Much later, I was working on the course outline with the Kitchen Lab team and I started to wonder about our language in the project description. We wrote that we are “re-conceiving the ingredients, structure and function” of the kitchen, and the syllabus went on to present phrases like “theories and practices of community engagement,” “experience design,” “socially engaged art and design,” and “qualitative and design research methods for socially engaged art and design.” That all seemed very academic and heady (albeit super interesting) and somehow distant to some of the things we wrote down on our sticky notes way back when—words like “hearth“.

These theoretical terms and more visceral associations with the kitchen are not mutually exclusive, of course, simply different vocabularies. Reconciling them will be part of the coming challenge. I hope that the speakers we’ve invited to talk to the class will be able to address some of the more complex experiential/cultural/historical aspects of “the kitchen” within the context of our students’ design process.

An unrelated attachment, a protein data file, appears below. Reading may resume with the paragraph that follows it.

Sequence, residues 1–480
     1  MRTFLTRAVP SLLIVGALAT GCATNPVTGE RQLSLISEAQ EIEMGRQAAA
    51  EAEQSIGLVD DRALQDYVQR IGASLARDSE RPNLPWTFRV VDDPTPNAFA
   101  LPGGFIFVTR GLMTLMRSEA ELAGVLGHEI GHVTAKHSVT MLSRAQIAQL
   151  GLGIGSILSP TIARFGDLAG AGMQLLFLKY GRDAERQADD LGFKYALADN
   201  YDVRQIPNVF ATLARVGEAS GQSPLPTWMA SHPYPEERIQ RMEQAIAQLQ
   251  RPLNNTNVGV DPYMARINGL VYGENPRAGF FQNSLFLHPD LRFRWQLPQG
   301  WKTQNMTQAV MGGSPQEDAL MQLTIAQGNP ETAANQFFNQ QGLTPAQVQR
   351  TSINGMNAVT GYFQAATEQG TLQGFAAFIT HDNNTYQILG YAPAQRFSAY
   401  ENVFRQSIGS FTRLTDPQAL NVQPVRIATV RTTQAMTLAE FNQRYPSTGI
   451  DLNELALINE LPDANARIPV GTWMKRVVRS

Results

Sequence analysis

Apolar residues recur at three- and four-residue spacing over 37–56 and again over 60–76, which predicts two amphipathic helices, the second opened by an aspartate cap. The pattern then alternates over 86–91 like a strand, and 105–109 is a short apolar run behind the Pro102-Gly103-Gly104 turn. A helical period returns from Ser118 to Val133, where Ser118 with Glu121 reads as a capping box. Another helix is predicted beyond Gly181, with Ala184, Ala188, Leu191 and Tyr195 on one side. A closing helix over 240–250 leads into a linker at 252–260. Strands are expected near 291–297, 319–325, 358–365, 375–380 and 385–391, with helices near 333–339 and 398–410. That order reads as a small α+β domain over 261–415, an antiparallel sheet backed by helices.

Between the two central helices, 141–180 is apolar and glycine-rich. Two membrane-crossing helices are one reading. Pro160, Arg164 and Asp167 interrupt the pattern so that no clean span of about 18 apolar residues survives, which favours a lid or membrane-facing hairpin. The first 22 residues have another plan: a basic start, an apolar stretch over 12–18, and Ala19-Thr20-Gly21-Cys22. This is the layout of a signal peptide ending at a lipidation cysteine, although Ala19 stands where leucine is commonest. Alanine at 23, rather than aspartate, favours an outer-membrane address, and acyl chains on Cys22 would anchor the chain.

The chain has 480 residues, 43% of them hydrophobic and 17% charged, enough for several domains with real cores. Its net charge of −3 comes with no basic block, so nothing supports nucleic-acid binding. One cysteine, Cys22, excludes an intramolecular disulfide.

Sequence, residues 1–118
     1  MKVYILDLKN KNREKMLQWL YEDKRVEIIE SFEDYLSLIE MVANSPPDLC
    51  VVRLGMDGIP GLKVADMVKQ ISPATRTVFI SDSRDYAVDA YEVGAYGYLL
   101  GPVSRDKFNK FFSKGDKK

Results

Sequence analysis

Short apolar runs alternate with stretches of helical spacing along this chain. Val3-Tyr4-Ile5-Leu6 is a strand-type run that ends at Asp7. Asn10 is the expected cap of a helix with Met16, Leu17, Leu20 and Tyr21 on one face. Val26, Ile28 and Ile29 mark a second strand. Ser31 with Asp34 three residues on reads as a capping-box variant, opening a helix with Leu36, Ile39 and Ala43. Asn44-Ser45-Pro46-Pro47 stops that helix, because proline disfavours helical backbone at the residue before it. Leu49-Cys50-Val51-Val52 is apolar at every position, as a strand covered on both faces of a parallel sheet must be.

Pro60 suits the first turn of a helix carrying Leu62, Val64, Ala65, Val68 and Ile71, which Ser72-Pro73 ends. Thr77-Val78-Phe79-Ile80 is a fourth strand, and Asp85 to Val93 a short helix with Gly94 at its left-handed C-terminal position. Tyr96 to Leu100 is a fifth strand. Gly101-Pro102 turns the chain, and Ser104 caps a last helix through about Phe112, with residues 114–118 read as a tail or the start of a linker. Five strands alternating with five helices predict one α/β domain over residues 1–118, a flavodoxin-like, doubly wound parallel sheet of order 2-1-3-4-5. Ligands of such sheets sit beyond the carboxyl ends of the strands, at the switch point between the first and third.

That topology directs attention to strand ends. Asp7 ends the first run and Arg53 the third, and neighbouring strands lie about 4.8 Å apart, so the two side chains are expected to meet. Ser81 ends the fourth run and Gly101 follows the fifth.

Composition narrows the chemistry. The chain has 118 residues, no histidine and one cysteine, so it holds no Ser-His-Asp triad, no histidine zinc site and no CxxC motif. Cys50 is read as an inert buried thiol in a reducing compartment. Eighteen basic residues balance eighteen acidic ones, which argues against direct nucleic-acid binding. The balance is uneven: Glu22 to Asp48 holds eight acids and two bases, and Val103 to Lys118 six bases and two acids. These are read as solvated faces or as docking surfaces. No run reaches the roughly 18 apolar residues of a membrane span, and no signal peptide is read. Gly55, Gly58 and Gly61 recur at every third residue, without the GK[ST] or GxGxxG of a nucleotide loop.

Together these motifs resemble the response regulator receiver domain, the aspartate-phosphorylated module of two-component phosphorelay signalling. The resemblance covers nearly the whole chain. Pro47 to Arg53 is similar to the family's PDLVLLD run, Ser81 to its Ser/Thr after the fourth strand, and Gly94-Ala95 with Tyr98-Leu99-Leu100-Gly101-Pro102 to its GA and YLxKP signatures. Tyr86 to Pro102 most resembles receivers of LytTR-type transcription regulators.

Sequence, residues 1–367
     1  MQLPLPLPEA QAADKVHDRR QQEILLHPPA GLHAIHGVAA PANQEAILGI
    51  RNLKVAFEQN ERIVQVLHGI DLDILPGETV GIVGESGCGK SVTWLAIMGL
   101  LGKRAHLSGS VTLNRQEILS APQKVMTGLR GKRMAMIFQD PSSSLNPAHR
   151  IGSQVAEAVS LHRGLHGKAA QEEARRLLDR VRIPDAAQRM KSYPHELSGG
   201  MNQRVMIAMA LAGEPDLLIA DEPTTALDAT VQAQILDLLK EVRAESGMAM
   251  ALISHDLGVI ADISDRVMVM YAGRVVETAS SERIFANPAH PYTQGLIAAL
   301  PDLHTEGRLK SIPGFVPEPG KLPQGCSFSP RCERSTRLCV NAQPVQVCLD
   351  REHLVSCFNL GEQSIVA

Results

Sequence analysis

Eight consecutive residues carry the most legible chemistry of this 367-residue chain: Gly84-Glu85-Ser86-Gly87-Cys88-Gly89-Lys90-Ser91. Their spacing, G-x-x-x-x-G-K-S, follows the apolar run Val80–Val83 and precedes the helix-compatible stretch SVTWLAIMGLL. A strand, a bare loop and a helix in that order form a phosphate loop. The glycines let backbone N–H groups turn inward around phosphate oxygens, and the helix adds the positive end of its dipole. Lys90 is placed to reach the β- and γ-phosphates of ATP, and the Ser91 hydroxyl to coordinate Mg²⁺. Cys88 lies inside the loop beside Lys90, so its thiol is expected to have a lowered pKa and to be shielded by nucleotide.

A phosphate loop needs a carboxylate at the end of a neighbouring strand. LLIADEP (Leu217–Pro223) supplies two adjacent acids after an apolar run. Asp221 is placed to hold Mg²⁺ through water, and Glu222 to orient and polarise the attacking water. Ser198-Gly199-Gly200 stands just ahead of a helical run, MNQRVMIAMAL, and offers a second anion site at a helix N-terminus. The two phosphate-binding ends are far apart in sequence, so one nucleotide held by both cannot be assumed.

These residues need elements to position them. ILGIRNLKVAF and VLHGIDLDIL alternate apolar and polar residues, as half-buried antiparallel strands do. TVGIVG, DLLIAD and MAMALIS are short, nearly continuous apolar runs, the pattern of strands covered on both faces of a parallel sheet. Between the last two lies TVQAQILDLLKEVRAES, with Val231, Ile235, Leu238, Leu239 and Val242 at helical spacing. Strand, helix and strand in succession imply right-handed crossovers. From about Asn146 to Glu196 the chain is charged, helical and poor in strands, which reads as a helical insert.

I also look forward to discussing all the ismssexism, veganism, imperialism, etc.—and asking what it means to have a crew of academically trained, primarily young and probably well-intentioned white people tinkering with/redesigning something that has deep and deeply different meanings to a lot of different people.

Needless to say, I’m excited to put in my two cents and see what products, processes and experiences come out of the Kitchen Lab.

Things Are Getting Busy